Re: Speeding Up Numerical Matrix Calculations ???

*To*: mathgroup at christensen.cybernetics.net*Subject*: [mg1124] Re: Speeding Up Numerical Matrix Calculations ???*From*: wagner at bullwinkle.cs.Colorado.EDU (Dave Wagner)*Date*: Mon, 15 May 1995 02:41:49 -0400*Organization*: University of Colorado, Boulder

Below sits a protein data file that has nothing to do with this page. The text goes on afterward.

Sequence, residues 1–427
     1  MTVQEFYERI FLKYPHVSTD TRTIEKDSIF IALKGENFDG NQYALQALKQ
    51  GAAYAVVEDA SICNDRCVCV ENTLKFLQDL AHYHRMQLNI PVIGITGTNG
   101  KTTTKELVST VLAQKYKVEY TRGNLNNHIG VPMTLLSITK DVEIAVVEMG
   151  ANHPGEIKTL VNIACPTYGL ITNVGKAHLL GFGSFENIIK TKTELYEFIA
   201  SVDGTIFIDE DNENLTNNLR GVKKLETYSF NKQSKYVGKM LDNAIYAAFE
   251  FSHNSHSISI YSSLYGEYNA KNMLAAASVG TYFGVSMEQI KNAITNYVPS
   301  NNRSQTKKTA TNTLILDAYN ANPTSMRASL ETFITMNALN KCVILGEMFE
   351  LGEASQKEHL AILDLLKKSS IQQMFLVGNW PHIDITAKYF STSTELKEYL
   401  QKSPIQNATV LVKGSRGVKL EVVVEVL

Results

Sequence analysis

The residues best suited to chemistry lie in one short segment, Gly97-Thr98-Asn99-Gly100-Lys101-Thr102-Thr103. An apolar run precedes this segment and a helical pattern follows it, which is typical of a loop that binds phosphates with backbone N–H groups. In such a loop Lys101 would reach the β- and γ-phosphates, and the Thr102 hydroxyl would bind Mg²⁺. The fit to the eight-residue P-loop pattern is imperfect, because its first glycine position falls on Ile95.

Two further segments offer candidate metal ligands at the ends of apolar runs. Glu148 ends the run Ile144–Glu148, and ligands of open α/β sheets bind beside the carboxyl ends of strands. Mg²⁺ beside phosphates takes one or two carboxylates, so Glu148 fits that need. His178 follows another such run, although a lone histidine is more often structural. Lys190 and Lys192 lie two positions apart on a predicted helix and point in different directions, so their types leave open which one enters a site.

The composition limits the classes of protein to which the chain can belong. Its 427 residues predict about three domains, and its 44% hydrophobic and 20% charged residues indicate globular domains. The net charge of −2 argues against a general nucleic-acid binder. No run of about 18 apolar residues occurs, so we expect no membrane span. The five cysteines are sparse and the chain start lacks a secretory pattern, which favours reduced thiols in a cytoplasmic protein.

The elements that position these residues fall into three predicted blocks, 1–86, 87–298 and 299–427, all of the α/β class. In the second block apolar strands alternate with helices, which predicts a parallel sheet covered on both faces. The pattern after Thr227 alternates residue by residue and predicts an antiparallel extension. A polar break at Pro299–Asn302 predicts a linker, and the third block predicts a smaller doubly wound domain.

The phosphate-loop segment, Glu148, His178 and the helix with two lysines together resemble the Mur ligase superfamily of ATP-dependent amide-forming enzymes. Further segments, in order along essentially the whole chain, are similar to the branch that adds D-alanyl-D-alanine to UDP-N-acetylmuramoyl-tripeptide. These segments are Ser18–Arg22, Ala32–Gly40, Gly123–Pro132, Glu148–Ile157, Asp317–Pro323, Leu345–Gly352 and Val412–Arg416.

In article <3ouung$995 at news0.cybernetics.net>, Paul E Howland <PEHOWLAND at taz.dra.hmg.gb> wrote: >My question is quite simple. Mathematica can be numerically very slow. >How can I speed up my numerical calculations involving matrices that >consist only of machine size numbers? > >It appears that Mathematica handles numerical matrices in much the same >way as it does symbolic matrices. Here's a test I did using Mathematica >V2.2.3 on a 486/33 PC running Windows 3.1. > >In[1]:= F[a_?MatrixQ, b_?MatrixQ, c_?MatrixQ] := > Transpose[a]a + 3 b c + Transpose[c]c >In[2]:= NF[a_?MatrixQ, b_?MatrixQ, c_?MatrixQ] := > N[Transpose[a]a + 3 b c + Transpose[c]c] > >Now generate some machine sized numerical matrices ... > >And some symbolic matrices ... > >And compare timings. First compare F[] on both sets of data ... > >In[9] := Timing[Do[F[a,b,c], {i,10}]] >Out[9] = {3.185 Second, Null} >In[10] := Timing[Do[F[x,y,z], {i,10}]] >Out[10] = {2.087 Second, Null} > >thus the symbolic processing is faster (!). It certainly appears that ordinary multiplication is not optimized for machine-precision arguments. Dot-product, however, is: In[30]:= F2[a_?MatrixQ, b_?MatrixQ, c_?MatrixQ] := Transpose[a].a + 3 b.c + Transpose[c].c In[31]:= Timing[Do[F2[a,b,c], {i,10}]] Out[31]= {0.583333 Second, Null} In[32]:= Timing[Do[F2[x,y,z], {i,10}]] Out[32]= {6.31667 Second, Null} (Assuming what you really want to do is a dot-product.) >It is not possible to use Compile[] on a function that accepts matrices >as arguments because Compile[] only accepts _Integer, _Real and _Complex >as its data types (and not _List). You can sometimes get a speedup just by compiling very simple functions, in this case Times: In[43]:= fasttimes = Compile[{{x, _Real}, {y, _Real}}, x * y ] Out[43]= CompiledFunction[{x, y}, x y, -CompiledCode-] In[44]:= fasttimes[3., 4.] Out[44]= 12. Now we need a fast way to apply this function pairwise to two matrices. In[57]:= matrixtimes[m1_, m2_] := MapThread[fasttimes, {m1, m2}, 2] In[58]:= matrixtimes[{{1.,2.},{3.,4.}},{{5.,6.},{7.,8.}}] Out[58]= {{5., 12.}, {21., 32.}} Here's another version of F that uses matrixtimes rather than Times: In[59]:= F3[a_?MatrixQ, b_?MatrixQ, c_?MatrixQ] := matrixtimes[Transpose[a],a] + 3 matrixtimes[b,c] + matrixtimes[Transpose[c],c] It works: In[67]:= F[a,b,c] == F3[a,b,c] Out[67]= True But it's apparently not much faster: In[12]:= Timing[Do[F[a,b,c], {i,10}]] Out[12]= {0.866667 Second, Null} In[61]:= Timing[Do[F3[a,b,c], {i,10}]] Out[61]= {0.75 Second, Null} However, if the matrices are larger, the overheads of the initial function call, etc., will not play so large a role in the timings: In[72]:= a2 = Table[Random[], {i,100}, {j,100}]; In[73]:= b2 = Table[Random[], {i,100}, {j,100}]; In[74]:= c2 = Table[Random[], {i,100}, {j,100}]; In[75]:= Timing[F[a2,b2,c2];] Out[75]= {9.5 Second, Null} In[76]:= Timing[F3[a2,b2,c2];] Out[76]= {6.75 Second, Null} Admittedly, this isn't terrific. Supposedly the compiler will be substantially enhanced in the next version of Mma. Maybe someone at WRI would care to comment on that? >It would be nice if Mathematica was written such that >when N[] was wrapped around simple numerical matrix operations, optimised >numerical code was invoked. N is the function that everyone uses but hardly anyone really understands. The way N[expr] works is that first, expr is evaluated. If the result is a normal expression (i.e., head[arg, arg, arg...]), *then* N looks for rules of the form N[head[...]] := ... to apply; such rules are called NValues (big surprise there!) Finally, N numericalizes every number it can find in the result. So you see, since the expression inside the N in your case evaluates before N can do anything, it's not possible for "optimised numerical code" to be invoked. It is necessary for a separate function to be written, say NTimes. In fact, this is the reason that there are functions like NSum, NIntegrate, NRoots, etc: if you call N[Integrate[expr, ...]] on an expression that can't be integrated, first Integrate tries and fails, then N sees that the head of the result is Integrate and so NIntegrate is called. It's much faster if you call NIntegrate in the first place. "Selected Tutorial Notes", available from WRI. Buy 'em, you'll be happy you did. Dave Wagner Principia Consulting (303) 786-8371 dbwagner at princon.com http://www.princon.com/princon

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